618 students from both Charlottesville City and Albemarle County elementary schools come to the kitchen for a field trip in our CHEF for a Day classes. These field trip experience are for students in pre-kindergarten through third grade classes where students make a simple but healthy and delicious recipe. Our curriculum includes skills like reading a recipe, measuring ingredients and trying a new food.

To make all of our programs run smoothly we had the help of 46 volunteers from the community and Madison House. They helped us wash countless dishes, helped kids with their knife skills and hopefully had fun, too! We can’t wait to see what the kids cook up this summer!

Read more

Giving and Getting Food in Charlottesville

Some of our leftovers from a delicious Winter and Spring!

We’re in a programming break until next week and have been doing some Spring Cleaning! One thing we need to deal with during this time is lots of left-over food items. We buy our groceries based on best estimates for attendance. But classes get canceled for weather or other reasons from time to time. What do we do with the leftovers? Maybe you have a lot of extra food in your pantry? Or maybe you’re in a stretch where you need some help stocking your pantry?

Thankfully, we have a diverse and strong community network of food resources as well as community partners that take food donations.

We’ve compiled a list below. To find the most up to date list, please visit: https://www.brafb.org/find-help/pantry-locator/. If you are searching for additional resources, the United Way compiles an annual list of where to turn for support here: https://unitedwaytja.org/receive-support/.

FOOD PANTRY DAYS OF WEEK OPEN TIMES 
Holy Comforter Catholic Church   
208 E. Jefferson Street, Charlottesville 434.293.8989 Monday, Tuesday, Wednesday 10am-12pm 
 
Loaves and Fishes   
2050 Lambs Road, Charlottesville 434.996.7868 Tuesdays and Thursdays 6:30-8:30pm 
Wednesdays 2-4pm 
Saturdays 10am-12pm 
 
Thomas Jefferson Memorial Church   
717 Rugby Road, Charlottesville 434.293.8179 1st Friday 8:30-11am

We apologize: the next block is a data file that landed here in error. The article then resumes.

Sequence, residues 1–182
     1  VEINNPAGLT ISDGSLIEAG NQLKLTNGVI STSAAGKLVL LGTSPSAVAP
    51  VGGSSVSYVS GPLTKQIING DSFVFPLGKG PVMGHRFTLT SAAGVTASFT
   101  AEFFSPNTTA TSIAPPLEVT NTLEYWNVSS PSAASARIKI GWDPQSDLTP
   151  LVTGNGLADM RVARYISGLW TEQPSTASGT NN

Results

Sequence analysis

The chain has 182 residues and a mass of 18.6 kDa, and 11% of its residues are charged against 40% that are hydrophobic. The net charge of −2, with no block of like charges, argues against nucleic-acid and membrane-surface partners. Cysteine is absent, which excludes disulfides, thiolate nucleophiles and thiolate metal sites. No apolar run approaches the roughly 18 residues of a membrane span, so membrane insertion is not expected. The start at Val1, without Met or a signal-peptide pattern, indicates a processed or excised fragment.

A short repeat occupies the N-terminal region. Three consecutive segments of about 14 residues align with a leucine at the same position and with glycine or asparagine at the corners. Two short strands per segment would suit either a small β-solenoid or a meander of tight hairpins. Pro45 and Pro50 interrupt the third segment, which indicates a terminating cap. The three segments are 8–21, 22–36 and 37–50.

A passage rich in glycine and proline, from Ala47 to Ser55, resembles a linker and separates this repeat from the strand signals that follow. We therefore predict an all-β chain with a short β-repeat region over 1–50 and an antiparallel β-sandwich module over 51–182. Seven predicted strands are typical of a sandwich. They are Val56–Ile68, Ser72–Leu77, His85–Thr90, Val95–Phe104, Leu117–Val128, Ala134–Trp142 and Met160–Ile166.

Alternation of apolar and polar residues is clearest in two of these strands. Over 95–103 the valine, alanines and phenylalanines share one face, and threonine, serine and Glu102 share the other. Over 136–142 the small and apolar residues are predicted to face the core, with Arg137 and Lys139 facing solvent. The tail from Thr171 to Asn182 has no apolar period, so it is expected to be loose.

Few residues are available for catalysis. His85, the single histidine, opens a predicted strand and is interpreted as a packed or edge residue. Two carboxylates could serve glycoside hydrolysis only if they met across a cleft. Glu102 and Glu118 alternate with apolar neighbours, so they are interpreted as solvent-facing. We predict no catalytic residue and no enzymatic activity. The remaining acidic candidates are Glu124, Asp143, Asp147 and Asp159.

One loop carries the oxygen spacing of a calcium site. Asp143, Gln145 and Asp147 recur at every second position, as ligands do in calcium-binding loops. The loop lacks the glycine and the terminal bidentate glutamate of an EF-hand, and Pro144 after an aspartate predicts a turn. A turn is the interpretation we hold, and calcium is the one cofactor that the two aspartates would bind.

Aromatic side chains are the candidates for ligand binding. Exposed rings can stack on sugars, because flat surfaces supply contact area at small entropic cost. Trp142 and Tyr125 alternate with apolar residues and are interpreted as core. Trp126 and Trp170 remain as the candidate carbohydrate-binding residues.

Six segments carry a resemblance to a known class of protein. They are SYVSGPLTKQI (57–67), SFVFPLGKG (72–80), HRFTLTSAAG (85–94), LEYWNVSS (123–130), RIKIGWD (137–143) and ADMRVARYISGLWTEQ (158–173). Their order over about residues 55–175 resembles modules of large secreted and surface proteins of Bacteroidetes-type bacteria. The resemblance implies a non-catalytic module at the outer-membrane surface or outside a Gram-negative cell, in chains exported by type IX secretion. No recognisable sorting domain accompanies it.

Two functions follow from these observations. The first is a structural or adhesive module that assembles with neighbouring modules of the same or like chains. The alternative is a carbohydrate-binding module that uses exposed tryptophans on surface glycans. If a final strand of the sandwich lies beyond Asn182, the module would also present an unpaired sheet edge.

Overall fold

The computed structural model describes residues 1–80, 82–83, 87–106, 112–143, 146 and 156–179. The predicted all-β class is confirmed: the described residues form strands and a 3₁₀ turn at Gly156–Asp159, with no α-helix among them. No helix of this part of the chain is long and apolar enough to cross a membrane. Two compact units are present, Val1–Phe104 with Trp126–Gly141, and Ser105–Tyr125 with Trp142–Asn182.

Bethany Seventh Day Adventist   
401 Harris Street, Charlottesville 434.293.7430 2nd Sunday  1-2:30pm 
 
New Beginnings Christian Community   
1130 E. Market Street, Charlottesville 434.872.0800 Saturday  12-1pm 
 
Emergency Food Network    
900 Harris Street, Charlottesville 434.979.9180 Every weekday (Call first between 9-12) 1:30-3:30 pm (pick-up same day) 
 
The Haven   
112 W. Market Street, Charlottesville 434.973,1234 Everyday 8-9am 
 
Salvation Army   
207 Ridge Road, Charlottesville 434.295.4058 Everyday 7-8am, 12-12:30pm & 5:45-6:45pm 
Church of Our Savior   
1165 E. Rio Road, Charlottesville 434.973.6512 Monday and Wednesday 12:30-2pm 
Friday 10:30am-12pm 
SOUP KITCHEN DAY OF WEEK  TIME 
First United Methodist Church  101 E. Jefferson Street Monday 12-2pm 
Christ Episcopal Church  103 W. Jefferson Street Tuesday 12-2pm 
First Presbyterian 500 Park Street Wednesday 12-2pm 
Holy Comforter Catholic Church 208 E. Jefferson Street Thursday 12-2pm 
First Baptist Church  735 Park Street Friday 12-2pm 
Read more

Summer means healthy produce!

Summer is coming! Step outside and you can already feel it in the air (and maybe your sweat glands). While we may not love the summer humidity, we love the summer produce! Here in Virginia, there are lots of great, local fruits and vegetables, but at PB&J we have to ask what the healthiest choice is. We went to Ms. Amy Curtis (our resident Registered Dietitian) to give us a break down of the health benefits of some of the fruits and vegetables that grow in the summer.